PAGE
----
Wednesday, 22 January 2014

An update at last

Its been a while since my last update, sorry about that. Things have been rather busy of late and whilst I’ve been getting out on the bike a fair bit I don’t feel that I’ve had much to report back on. 
2014 started as most years do with a dawn bike ride on the 1st January complete with a hangover and the effects of a chronic lack of sleep slowing me down. The next days ride went better and that’s kind of been the pattern ever since; each bike ride has gone better than the one before it and I actually seem to have started a year with some decent form for once. I’ve been fairly flying up the hills (well for me anyway, its all relative) and even when the weather has been a bit mucky I’ve been consistently faster over regular training routes. This bodes well for finishing off the remaining 31 climbs that I didn’t get to complete last year.

New training tool

Since I stripped down my faithful Surly Cross Check and got it resprayed ahead of a rather bling rebuild I’ve been lacking a suitable bike for slogging away on during the winter. My Thorn Sherpa touring bike is in desperate need of a refurb and my single speed Macinato just isn’t flexible enough. Step forward my old Surly Karate Monkey.

Not a traditional winter training road bike but a lot more versatile

Now the Karate Monkey is a 29er mountain bike rather than a road bike but it fits the bill quite well (its tough and can be built with lots of gears). I’ve struggled to come up with a suitable build for the bike ever since I bought the frame. I did run it as a drop handle bar monster cross abomination for a while but could never really get to grips with it. After rooting around in the garage (some of the parts were found rolling around on the garage floor and I seem to remember using the handle bar as a head set removal tool at one point) I’ve come up with a fairly decent heavy duty build that should allow me to use it as a hybrid or a mountain bike. It can also take studded tyres if the rain ever stops and we get a proper winter. The only expensive parts I had to buy to get the Karate Monkey rolling were some Pauls Components Thumbies which allow me to run traditional bar end shifters as old school flat handle bar thumb shifters. I’ve been wanting an excuse to buy some for a while and this seemed to be the perfect opportunity.


  Pauls Thumbies - for when being a luddite is the only option

For the first time since I bought the frame back in 2010 I’m actually looking forward to sticking in the miles on the Karate Monkey and the extra heft should provide some training benefits. Initial rides suggest that I’m going to have a lot of fun with the bike on some interesting all terrain training rides.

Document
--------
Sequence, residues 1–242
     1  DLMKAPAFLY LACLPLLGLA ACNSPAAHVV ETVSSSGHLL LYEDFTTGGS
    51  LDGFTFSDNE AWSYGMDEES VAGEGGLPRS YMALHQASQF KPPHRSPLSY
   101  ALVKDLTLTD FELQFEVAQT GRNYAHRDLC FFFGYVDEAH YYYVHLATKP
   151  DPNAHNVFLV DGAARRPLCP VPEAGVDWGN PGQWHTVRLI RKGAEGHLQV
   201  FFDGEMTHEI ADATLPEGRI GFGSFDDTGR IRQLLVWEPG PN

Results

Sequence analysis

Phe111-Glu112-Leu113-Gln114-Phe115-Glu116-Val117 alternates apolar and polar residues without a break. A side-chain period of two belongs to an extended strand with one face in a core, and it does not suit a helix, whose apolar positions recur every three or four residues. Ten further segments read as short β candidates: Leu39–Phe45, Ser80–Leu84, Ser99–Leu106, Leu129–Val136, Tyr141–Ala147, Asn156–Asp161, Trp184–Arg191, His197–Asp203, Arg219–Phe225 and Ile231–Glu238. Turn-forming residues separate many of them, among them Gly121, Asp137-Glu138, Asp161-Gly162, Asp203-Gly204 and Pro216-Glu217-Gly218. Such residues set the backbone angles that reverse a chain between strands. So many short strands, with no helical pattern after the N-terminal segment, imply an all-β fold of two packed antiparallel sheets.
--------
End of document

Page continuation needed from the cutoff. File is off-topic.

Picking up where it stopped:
In between the floods and awful weather there have been a few decent training days 

The Final 31

Things really didn’t go as planned towards the end of last year. After the wheels came off my attempt to bag the Scottish climbs any plans to tackle the rest of the remaining climbs failed to take shape. A mixture of studying and job hunting got in the way of planning any time away from home and before I knew it 2013 had drawn to a close. I was also feeling pretty exhausted towards the end of what had been a busy and stressful year.

This year has to be the year when I finally close the book on this thing. Depending on whether or not I need to take a re-sit in a technical exam I’m either going to be going to be able to start applying for new jobs at either the end of February or the end of March. I'm going to need to focus on developing my career when I do finally get another job and once things do start moving I’m not going to have much chance to take trips away. As a result normal service will be resumed at the end of February when I start wheezing and cursing my way up some of the steepest roads in Britain before I get too busy.

I’m planning a series of frankly brutal long weekends in the North of England where the target will be to tackle between 8 or 10 rides in the space of a couple of days. Plans like this have never worked out for me before but I don’t have a choice in the matter. I’m not going to have the time for these planned trips not to be successful and so they will need to work. My recent training rides have focussed more on how much I can hurt myself on successive climbs than on honing technique and fitness. Each training ride now features at least 2 steep climbs as a result. The climbs in Scotland will need to be taken on a little later in the Spring when I should hopefully have some more time available to deal with the extra time I‘ll need to spend away from home.